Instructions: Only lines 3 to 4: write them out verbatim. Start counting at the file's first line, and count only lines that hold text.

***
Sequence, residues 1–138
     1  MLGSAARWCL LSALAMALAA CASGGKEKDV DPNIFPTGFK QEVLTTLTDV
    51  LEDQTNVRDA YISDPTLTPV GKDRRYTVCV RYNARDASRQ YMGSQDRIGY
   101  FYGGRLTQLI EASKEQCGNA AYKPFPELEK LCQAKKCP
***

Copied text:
    51  LEDQTNVRDA YISDPTLTPV GKDRRYTVCV RYNARDASRQ YMGSQDRIGY
   101  FYGGRLTQLI EASKEQCGNA AYKPFPELEK LCQAKKCP